This year, I have a theme for gift-giving. It helps me focus and makes the hectic holiday season a little less stressful. I’ve decided to “go local.” If you’re going to go crazy spending money on people who probably don’t really need anything, it’s nice to keep that money in our local economy. Fortunately, for me and my food-loving friends and family, there is an abundance of homegrown resources for Kansas City consumers.
The easiest people to shop for are those who enjoy a good, bottled libation. I have a few favorite small, local shops that, in addition to being independently owned, offer excellent spirits produced right here in the Kansas City area. My new favorite small shop is Underdog Wine Company in the Crestwood Shops. Ryan Sciara, owner and operator, has a sophisticated and discriminating palate, and he has a love of things produced in small batches. And if you have more than just one special bottle in mind, try one of his gifts that keep on giving. Sciara has designed several of-the-month clubs to introduce delicious flavors to the curious and thirsty. Think remarkable wines, champagne, whiskeys, and bean-to-bar boutique chocolates.underdogwinekc.com, 816-286-4139
If you’re looking for something with a little more of a kick, check out some of our local distillers. Steve Strong of Strong Dog Distilling in Parkville spends a lot of time working underground. Really underground, like 65 feet underground—distilling vodka (and gin and rye whiskey) in a cave. And fortunately for us, Steve’s passion transforms humble grains into fabulous spirits. His vodka is the stuff that makes a martini of legend, and his gin (not yet available to the public) has a similar destiny. The rye whiskey—still (no pun intended) an infant—shows signs of precociousness, but it’s too early to tell. sdstrongdistilling.com
While I could never fail to mention Fervere bakery on the Westside, or Farm to Market with their delicious holiday breads, this year I have to add Ibis Bakery. For bread lovers in your life, or maybe for making robustly flavored toasts topped with your favorite sweet or savory toppings at a holiday party, these loaves have that extremely dark, glossy blistered crust that tells you, even before the first bite, that you’re in for a flavor explosion. They have a few standards like the multigrain and the sprout quinoa, but the baker is always experimenting with new grains. The breads are available in either full or half loaves, and if you want to try a whole slew of them, visit their store at 12817 W. 87th Street Parkway. You can also reserve loaves on their website (ibisbakery.com), not a bad idea considering how quickly they sell out.
For shoppers looking for a more traditional approach to culinary gift-giving, it’s hard to beat Pryde’s Kitchen and Home in Westport to find that special tool, pot, pewter platter, china, glassware or anything else food-related on your shopping list. They have a hot, new gadget that I just saw a few weeks ago in Italy—a Gefu Spiral Vegetable Slicer. For the person who has everything or for someone that wants to sneak a few more vegetables into their diet, try spiral-slicing vegetables like carrots, zucchini or beets into fettuccine noodles and dressing them with your favorite pasta sauce. And the staff at Pryde’s is always extremely friendly and helpful. prydesoldwestport.com, 816-531-5588
Until recently, I had no idea that we have a textile celebrity in our midst. Sharyn Blond Linens, a quiet boutique located in the Fairway Shops, is remarkable. The concept was originated by linen designer Constance Leiter (Google her) here in Kansas City. The shop and Leiter’s designs are now in the capable hands of Sharyn Blond, a designer and entrepreneur in her own right. Practically everything in the store is handmade, and many of its items find their way into exclusive stores across the country. In addition to its fascinating history, the shop offers elegant china, Italian pewter, unusual pottery, silver and crystal. Blond’s designs are hand-embroidered (by women in Madeira, Portugal) cocktail napkins, towels, place mats, tablecloths and bed linens. They are available in 600 colors of thread and 40 shades of linen. sharynblondlinens.com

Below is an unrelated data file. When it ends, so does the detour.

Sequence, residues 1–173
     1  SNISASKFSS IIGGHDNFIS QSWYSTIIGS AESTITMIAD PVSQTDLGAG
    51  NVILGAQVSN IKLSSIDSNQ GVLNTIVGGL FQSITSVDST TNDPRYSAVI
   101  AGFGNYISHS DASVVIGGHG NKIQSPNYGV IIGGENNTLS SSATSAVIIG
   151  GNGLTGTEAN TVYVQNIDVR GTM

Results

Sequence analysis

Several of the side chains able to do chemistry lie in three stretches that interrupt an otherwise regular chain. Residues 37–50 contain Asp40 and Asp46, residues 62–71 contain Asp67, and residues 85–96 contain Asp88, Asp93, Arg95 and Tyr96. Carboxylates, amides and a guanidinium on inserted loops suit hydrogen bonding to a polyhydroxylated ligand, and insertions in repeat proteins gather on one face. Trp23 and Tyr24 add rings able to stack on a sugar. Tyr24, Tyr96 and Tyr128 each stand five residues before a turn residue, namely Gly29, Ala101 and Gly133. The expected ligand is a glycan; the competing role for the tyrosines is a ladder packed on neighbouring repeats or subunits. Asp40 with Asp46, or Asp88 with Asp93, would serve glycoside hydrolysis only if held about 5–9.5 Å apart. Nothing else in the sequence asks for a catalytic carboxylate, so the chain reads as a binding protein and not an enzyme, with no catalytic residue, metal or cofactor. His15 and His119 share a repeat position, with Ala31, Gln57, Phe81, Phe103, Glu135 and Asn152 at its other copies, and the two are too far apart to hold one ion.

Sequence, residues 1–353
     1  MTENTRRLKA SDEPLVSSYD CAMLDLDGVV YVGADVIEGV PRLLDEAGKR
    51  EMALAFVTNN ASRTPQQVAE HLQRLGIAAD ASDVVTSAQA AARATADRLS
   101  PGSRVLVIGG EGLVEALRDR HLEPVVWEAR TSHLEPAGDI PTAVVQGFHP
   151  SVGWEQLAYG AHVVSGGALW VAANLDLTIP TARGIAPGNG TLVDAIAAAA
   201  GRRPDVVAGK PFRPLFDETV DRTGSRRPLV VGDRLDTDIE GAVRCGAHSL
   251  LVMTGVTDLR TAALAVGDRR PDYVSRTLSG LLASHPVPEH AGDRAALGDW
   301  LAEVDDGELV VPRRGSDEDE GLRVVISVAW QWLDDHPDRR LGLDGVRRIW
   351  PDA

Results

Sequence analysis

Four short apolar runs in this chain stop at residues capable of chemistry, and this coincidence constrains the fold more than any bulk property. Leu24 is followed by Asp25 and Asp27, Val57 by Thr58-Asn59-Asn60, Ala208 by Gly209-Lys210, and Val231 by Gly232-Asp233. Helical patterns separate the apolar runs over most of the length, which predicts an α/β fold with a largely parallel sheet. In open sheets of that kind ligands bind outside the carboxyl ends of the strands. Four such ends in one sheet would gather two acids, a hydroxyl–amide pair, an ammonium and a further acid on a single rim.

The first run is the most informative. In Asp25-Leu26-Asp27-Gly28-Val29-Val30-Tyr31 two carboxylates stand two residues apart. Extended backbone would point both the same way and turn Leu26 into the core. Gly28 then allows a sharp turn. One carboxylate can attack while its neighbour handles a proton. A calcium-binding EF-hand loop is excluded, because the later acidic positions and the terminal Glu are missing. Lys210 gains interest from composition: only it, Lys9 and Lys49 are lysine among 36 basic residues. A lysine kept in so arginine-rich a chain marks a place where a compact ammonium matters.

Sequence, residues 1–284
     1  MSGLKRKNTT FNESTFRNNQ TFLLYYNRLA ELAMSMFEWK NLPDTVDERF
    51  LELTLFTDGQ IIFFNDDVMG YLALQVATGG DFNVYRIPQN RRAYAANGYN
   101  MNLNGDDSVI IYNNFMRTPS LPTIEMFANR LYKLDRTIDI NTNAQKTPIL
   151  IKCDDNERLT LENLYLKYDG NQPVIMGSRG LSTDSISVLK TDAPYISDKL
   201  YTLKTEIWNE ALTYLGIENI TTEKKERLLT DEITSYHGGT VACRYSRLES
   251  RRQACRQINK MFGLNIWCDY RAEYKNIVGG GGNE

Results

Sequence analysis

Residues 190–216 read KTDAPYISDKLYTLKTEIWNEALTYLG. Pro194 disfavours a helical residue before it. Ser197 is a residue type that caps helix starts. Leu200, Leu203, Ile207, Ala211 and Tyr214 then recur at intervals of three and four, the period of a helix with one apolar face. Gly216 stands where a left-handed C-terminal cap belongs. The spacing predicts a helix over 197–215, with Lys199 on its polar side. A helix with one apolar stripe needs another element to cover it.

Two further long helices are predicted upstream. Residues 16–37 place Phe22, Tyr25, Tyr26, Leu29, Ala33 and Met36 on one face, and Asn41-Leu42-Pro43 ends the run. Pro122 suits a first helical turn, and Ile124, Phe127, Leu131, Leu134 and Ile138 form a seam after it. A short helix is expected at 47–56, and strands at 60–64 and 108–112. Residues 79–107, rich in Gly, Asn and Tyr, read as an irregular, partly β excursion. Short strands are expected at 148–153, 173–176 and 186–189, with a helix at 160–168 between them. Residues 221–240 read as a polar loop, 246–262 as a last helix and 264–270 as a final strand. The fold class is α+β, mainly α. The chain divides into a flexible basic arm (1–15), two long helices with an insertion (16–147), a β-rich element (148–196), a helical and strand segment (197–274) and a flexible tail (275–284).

A perennial favorite of mine is the Culinary Center of Kansas City in old Overland Park. For completely random foodie shopping, visit their retail shop Kitchenology, and among other things, check out their new Pro Series Cookware. Crafted to the exact specifications of the demanding chefs at the Culinary Center, their beautifully designed commercial-grade cookware is as much a joy to cook with as it is to look at. The surgical steel surfaces are highly polished to make them beautiful, less likely to stick, and easier to clean. The aluminum core diffuses the heat evenly and gives the cook a “luxury sports car” feel when cooking in them. Having forgotten and incinerated some butternut squash in one of them, I know from experience that they are indeed easier to clean. If you’re not looking for something that will fit in a box or a bag, or more of an “experience,” try one of their cooking classes. (You have hundreds of choices, and they make great gifts.) kcculinary.com
Another interesting “experience” to share with a friend would be one of the new supper-club events conceived, cooked and curated by the talented young chef Garrett Kasper (formerly of Kansas Town). Having tasted his food on several memorable occasions, it should be exciting to experience his one-of-a-kind evenings. For these multicourse dinners, he has plans for meals focused on local producers, products and foraging. For more information, contact chef Kasper at firstname.lastname@example.org.